The Black And White Of Halloween


The only genuinely “gray” issue described in the Bible was the decision whether or not to eat meat offered to idols, and that, as it turned out, wasn’t gray at all.

Paul brought the issue up in his letter to the Corinthian church. He said, in essence, idols are nothing but a hunk of wood or metal shaped by man. They have no power and offer the Christian no threat. Therefore meat offered to them is not tainted or evil and eating of it is not an endorsement of the false gods.

However, some people who are not strong in their faith may be swayed into idol worship. If they see a mature Christian eating meat offered to idols, they may feel a freedom to involve themselves with the idol worshiping culture and eventually slip into paganism.

Consequently, Paul says, for the sake of these vulnerable Christians, a mature Christian should stay away from meat offered to idols.

However, that doesn’t mean he has to go to the extreme and conduct an investigation every time he eats at someone else’s house. He doesn’t need to ask a potential host before accepting an invitation if the menu includes any idol meat.

If on the other hand, someone volunteers that information, the mature believer, for the sake of the one telling him, was to refrain from eating. (See I Corinthians 10:19-33).

Acts 21:25 sums up the position of the church leaders in Jerusalem:

“But concerning the Gentiles who have believed, we wrote, having decided that they should abstain from meat sacrificed to idols and from blood and from what is strangled and from fornication” (emphasis mine).

Now how am I tying this discussion with Halloween? In yesterday’s post, I suggested that celebrating Halloween is a genuinely biblical gray area (unlike other issues that have been shoved into this category today because of our cultural tendencies – i. e. A Christian shouldn’t say dang because a weak believer might then think it’s OK to swear.)

Without a doubt, Halloween has pagan underpinnings (see Wikipedia), though Catholics and Anglicans also see it as having religious connotations. What’s a believer to do?

Is this day wicked because pagans hundreds of years ago said it was? Are all the trappings and traditions associated with it evil because they once were (and in some circles, still are) wrapped in pagan worship?

Or, as C. S. Lewis believed about myth, can Halloween be “redeemed” because of Christ’s work on the cross? Can Christians use the holiday, as Morgan suggested in her comment to yesterday’s post, to reach out to our neighbors and show the love of Christ?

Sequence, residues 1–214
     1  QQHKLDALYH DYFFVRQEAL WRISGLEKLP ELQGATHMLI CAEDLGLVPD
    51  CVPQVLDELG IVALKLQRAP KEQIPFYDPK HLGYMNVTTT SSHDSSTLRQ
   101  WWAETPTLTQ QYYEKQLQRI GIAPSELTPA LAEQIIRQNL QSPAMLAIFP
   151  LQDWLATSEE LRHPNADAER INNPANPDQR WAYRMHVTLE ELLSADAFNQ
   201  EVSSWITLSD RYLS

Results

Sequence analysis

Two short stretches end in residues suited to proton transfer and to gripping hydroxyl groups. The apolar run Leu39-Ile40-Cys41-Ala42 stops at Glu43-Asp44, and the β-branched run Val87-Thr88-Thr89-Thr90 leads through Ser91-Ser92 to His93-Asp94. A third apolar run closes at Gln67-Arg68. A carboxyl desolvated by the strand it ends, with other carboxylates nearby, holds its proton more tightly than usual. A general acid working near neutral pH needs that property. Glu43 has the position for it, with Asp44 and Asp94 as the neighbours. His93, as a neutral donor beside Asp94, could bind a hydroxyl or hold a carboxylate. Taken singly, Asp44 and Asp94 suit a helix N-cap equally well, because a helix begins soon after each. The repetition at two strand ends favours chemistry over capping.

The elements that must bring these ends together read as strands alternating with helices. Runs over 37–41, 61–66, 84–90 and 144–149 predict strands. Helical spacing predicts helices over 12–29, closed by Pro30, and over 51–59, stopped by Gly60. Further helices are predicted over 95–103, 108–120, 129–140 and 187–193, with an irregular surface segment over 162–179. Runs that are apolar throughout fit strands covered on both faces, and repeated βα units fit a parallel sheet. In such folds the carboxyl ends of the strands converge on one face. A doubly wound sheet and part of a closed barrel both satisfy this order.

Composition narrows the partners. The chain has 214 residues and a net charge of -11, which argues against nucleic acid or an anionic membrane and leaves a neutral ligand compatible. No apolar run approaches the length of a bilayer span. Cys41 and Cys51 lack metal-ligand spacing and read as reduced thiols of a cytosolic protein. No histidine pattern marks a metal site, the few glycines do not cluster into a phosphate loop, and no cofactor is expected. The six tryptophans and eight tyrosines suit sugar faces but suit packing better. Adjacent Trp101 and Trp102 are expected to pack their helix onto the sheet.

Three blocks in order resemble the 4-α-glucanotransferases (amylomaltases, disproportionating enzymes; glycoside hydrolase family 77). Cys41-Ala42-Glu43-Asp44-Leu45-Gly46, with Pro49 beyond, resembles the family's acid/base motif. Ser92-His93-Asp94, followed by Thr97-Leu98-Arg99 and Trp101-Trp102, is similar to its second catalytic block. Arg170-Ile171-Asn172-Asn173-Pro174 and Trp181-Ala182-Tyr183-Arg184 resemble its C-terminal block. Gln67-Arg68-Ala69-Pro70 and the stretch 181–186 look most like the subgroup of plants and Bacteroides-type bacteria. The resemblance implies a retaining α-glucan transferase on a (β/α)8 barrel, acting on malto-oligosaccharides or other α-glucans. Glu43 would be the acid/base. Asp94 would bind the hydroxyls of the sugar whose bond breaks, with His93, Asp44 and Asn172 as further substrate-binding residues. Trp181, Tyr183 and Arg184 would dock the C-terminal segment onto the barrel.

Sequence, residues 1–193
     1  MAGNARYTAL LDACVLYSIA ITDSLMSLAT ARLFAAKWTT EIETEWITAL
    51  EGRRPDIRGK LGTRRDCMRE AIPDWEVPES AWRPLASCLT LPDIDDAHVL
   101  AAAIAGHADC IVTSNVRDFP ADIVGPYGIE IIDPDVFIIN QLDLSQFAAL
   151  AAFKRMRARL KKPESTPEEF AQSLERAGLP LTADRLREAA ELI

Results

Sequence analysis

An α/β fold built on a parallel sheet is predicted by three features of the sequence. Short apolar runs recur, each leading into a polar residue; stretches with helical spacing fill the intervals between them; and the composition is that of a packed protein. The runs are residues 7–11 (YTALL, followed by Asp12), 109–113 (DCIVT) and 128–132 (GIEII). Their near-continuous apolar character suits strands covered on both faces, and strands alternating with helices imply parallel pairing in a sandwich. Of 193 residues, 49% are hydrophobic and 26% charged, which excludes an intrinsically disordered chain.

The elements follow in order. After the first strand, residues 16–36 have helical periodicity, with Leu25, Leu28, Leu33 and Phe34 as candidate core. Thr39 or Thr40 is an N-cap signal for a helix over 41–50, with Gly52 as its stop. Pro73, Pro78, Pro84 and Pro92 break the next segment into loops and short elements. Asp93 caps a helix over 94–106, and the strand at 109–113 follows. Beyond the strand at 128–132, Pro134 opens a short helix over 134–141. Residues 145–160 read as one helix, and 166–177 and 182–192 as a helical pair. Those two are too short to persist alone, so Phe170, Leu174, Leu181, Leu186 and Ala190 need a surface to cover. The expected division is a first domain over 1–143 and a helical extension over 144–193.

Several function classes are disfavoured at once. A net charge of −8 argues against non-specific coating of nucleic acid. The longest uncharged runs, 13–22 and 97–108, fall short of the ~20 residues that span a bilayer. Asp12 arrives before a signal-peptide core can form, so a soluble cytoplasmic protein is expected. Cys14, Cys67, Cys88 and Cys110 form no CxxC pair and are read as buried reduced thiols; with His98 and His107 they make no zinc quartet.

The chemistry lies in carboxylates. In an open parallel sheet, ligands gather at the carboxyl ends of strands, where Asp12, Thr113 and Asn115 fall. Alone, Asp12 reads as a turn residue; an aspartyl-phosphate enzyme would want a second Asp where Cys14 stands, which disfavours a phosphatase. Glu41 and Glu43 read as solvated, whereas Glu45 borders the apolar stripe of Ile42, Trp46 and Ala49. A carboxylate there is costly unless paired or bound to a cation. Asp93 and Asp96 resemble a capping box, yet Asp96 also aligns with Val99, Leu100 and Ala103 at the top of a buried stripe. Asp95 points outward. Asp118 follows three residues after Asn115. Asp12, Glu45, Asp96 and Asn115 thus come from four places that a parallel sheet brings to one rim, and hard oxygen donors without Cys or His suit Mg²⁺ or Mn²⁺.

A third option. Can Halloween be as innocuous as, say, video games? 😈

Ah-ha! Most people know there are video games and there are EVIL video games. Seriously.

Might not Halloween be viewed in the same way? Some people enjoy it as a cultural event, a fun time with family or friends, a chance to create memories around traditions such as carving a pumpkin or dressing up in a costume. Others see the side of Halloween that promotes violence and gore and glorifies evil spirits.

Both are right. Both are present in the celebration. Consequently, a believer might choose to stay away from the holiday altogether or to participate in the “sanitized” version of it.

The key thing in what a Christian decides about Halloween, I think, is grace, not legalism. What I decide does not have to be what my neighbor decides. In other words, if I choose to open my door, distribute candy and hand out tracts in the process, I must not look down my nose at my Christian brother who only hands out candy.

Nor should the believer who decides to stay away from the holiday hang a sign on their door chastising everyone else for choosing to celebrate it. Conversely, the Christian who celebrates Halloween with gusto must not treat those staying away from the holiday or substituting a harvest festival for it with a superior attitude.

The only movement away from a personally held belief about the holiday should be by a mature Christian on behalf of a believer who could be at risk, either because of violent images or pagan influences. I think that covers many parents and teachers. For them, Halloween may end up, just like the “gray” area in the Bible, being pretty black and white.

Published in: on October 6, 2010 at 4:33 pm  Comments (12)  
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